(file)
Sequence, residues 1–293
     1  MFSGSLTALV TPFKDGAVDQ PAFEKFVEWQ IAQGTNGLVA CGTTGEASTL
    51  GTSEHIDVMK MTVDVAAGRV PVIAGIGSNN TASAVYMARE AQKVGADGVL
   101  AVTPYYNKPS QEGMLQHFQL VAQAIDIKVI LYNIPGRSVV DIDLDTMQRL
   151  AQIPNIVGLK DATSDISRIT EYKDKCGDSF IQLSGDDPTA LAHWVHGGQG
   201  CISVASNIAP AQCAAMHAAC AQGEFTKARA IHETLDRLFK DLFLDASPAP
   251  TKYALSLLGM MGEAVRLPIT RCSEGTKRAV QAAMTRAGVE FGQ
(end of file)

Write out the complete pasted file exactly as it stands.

Sequence, residues 1–293
     1  MFSGSLTALV TPFKDGAVDQ PAFEKFVEWQ IAQGTNGLVA CGTTGEASTL
    51  GTSEHIDVMK MTVDVAAGRV PVIAGIGSNN TASAVYMARE AQKVGADGVL
   101  AVTPYYNKPS QEGMLQHFQL VAQAIDIKVI LYNIPGRSVV DIDLDTMQRL
   151  AQIPNIVGLK DATSDISRIT EYKDKCGDSF IQLSGDDPTA LAHWVHGGQG
   201  CISVASNIAP AQCAAMHAAC AQGEFTKARA IHETLDRLFK DLFLDASPAP
   251  TKYALSLLGM MGEAVRLPIT RCSEGTKRAV QAAMTRAGVE FGQ